Which Gallery Style Should I Choose?
The gallery is the area of an engagement ring that the diamond sits into, between the top of the stone and the shoulders of the band. It will determine how your ring looks from a side perspective and how secure the diamond is in the setting.
types of gallery styles
The basket setting features a metal basket-like structure that securely holds the diamond from underneath. The metal supports cradle the stone, allowing for maximum light penetration and showcasing the gem’s brilliance while providing stability and protection.
The peg head setting, is also known as the head or crown setting on a diamond engagement ring. The head is usually elevated and separate from the band, allowing the diamond to be prominently displayed and capturing more light for enhanced brilliance.
The cathedral setting differs from a peg head setting, as it features metal arches or cathedral-like structures that extend from the band to support and secure the diamond. These arches provide an elegant and decorative element but also create a lot more security for your diamond within the setting.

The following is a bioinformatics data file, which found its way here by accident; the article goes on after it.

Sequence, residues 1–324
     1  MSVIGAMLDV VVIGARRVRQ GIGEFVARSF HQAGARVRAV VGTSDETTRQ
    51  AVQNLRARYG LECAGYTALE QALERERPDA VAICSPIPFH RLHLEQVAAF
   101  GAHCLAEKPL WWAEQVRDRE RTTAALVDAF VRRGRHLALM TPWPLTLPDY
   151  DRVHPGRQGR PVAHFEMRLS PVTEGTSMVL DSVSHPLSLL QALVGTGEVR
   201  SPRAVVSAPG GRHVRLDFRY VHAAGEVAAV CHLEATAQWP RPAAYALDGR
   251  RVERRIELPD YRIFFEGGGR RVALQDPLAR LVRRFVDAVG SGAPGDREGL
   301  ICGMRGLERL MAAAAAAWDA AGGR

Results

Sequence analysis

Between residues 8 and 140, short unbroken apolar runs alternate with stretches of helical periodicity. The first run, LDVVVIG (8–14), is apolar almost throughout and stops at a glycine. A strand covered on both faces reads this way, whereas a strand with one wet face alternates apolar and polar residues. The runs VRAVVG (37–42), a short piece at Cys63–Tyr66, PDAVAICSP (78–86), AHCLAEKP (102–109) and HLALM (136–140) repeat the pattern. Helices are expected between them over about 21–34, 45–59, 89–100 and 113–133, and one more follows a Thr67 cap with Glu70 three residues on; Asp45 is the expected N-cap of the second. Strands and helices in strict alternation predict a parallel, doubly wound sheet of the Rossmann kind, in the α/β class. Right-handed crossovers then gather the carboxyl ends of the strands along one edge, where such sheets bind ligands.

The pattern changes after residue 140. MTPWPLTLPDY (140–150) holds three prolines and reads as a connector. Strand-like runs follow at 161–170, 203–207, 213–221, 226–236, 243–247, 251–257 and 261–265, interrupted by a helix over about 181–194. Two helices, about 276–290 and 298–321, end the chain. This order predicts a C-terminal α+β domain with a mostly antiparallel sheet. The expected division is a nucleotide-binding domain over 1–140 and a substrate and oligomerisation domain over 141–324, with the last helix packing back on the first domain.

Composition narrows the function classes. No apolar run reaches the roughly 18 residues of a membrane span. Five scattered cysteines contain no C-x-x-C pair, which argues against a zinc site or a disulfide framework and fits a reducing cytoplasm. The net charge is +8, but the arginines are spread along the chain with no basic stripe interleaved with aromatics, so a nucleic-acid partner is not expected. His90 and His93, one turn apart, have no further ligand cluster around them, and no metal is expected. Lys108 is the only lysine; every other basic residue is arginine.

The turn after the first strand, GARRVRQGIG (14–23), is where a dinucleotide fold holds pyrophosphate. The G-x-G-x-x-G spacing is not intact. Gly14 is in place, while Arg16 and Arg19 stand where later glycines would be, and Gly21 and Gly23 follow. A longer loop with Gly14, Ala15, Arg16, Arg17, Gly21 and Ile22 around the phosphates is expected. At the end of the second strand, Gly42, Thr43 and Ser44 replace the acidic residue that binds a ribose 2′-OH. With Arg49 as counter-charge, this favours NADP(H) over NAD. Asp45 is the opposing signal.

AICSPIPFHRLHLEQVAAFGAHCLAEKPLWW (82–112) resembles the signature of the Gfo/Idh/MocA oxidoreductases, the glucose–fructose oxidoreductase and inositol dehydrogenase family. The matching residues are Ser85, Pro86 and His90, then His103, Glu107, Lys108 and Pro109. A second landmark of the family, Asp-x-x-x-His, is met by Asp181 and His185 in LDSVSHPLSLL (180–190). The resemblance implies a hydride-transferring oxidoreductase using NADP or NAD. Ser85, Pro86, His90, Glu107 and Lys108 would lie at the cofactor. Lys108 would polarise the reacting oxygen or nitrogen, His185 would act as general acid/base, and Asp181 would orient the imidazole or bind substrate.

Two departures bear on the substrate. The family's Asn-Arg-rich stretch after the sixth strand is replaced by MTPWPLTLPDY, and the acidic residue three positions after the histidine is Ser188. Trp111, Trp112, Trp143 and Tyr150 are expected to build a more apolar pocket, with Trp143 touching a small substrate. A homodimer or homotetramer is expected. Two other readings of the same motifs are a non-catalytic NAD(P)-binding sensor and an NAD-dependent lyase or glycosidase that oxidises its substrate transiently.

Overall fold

The trellis setting creates a unique and distinctive design for a diamond engagement ring. It features multiple bars of metal that can crisscross and intersect, resembling the pattern of a garden trellis. This setting provides security for your diamond whilst being visually appealing.
Bezel set refers to a ring setting where a diamond is held in place by a metal rim that completely or partially surrounds the diamond. This secure setting provides protection for the diamond and creates a modern look.
The tension setting is a modern engagement ring setting that creates the illusion of a floating diamond. In this setting, the diamond is held in place by the pressure and tension of the metal band, with no visible prongs or bezels.
The filigree setting is a decorative engagement ring setting that incorporates intricate and delicate metalwork in the form of fine wires or threads. It creates a vintage or antique feel to the ring, with the metal wires twisted, curled, or woven together to create an ornate pattern.
The tulip setting is commonly used for solitaire diamond engagement rings. It features prongs that are shaped like tulip petals, cradling the diamond securely. It adds a touch of whimsy to the engagement ring and is perfect for adding hidden diamonds.